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EMBARGOED FOR RELEASE UNTIL 4 PM ET, May 02, 2007

Stroke Risk Nearly Doubles for Siblings of People Who Have Had a Stroke

BOSTON – EMBARGOED FOR RELEASE UNTIL 4 P.M. ET, WEDNESDAY, MAY 2, 2007 Media Contacts: Angela Babb, (651) 695-2789, ababb@aan.com Robin Stinnett, (651) 695-2763, rstinnett@aan.com AAN Press Room HCC 203 (April 28 – May 4): (617) 954-3126 Stroke Risk Nearly Doubles for Siblings of People Who Have Had a Stroke BOSTON - People with a brother or sister who have had a stroke are almost twice as likely as the average American to suffer a stroke themselves, according to research that will be presented at the American Academy of Neurology’s 59th Annual Meeting in Boston, April 28 – May 5, 2007. That risk can be even higher depending on the race and gender of the person who had the stroke. The study looked at the risk of stroke for 807 siblings of 181 people who had strokes in Nueces County, Texas. All of the strokes were either an ischemic stroke in which a vessel supplying blood to the brain is blocked, or a transient ischemic attack, often referred to as a “warning stroke” that resolves itself. Nearly 60 percent of those with strokes were Mexican American. The rest were non-Hispanic whites. All were between the ages of 45 and 65. According to the study, siblings of people who had a stroke face roughly double the risk of the average American of also having a stroke. The risk to Mexican American siblings was even greater. “The findings show there may be a genetic link to ischemic strokes in this ethnic group,” said study author Lynda D. Lisabeth, PhD, with the Stroke Program and Department of Epidemiology at the University of Michigan in Ann Arbor. “Other possible explanations could include shared environmental factors such as diet, physical activity and smoking habits. Medical conditions like high blood pressure and diabetes which cluster in families may also play a role.” The study, a part of BASIC (Brain Attack Surveillance in Corpus Christi Project), also found a higher prevalence of strokes in siblings of Mexican American men than Mexican American women. Among the non-Hispanic whites, only siblings of women who have had strokes were at an increased risk. Lisabeth says more research is needed to explain the possible gender and ethnic differences in risk factors among siblings. “People of all ethnicities should be aware that strokes tend to cluster in families,” said Lisabeth. “They need to know the warning signs, since treatment must be given within three hours of when the symptoms begin.”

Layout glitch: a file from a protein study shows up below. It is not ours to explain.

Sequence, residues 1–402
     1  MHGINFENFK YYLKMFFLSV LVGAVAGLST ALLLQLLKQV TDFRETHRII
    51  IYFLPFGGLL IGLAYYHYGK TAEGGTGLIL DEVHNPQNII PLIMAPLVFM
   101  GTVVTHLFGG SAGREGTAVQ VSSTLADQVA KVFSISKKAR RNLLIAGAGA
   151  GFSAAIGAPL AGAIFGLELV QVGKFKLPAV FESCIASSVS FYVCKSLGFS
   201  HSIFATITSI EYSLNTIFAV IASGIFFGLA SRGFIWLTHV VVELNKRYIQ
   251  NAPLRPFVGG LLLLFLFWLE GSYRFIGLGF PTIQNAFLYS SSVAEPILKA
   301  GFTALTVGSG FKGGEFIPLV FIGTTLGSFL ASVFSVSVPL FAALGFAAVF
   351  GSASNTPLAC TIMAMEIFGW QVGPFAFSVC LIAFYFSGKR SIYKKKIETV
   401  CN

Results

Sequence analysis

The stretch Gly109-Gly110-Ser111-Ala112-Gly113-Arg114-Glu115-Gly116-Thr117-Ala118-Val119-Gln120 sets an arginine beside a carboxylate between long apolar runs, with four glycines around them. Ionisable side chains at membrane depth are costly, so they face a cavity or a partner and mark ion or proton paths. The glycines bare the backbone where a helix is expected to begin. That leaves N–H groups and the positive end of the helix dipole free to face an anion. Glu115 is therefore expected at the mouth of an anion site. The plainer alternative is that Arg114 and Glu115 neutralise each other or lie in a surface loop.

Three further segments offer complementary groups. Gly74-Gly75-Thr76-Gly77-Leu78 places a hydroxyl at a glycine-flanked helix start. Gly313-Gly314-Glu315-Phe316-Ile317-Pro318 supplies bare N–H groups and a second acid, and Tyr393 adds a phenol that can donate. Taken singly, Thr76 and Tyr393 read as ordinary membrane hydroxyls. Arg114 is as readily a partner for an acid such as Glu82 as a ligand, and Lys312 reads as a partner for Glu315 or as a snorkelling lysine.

The American Academy of Neurology, an association of over 20,000 neurologists and neuroscience professionals, is dedicated to improving patient care through education and research. A neurologist is a doctor with specialized training in diagnosing, treating and managing disorders of the brain and nervous system such as Alzheimer’s disease, epilepsy, multiple sclerosis, Parkinson’s disease, and stroke. For more information about the American Academy of Neurology, visit www.aan.com.


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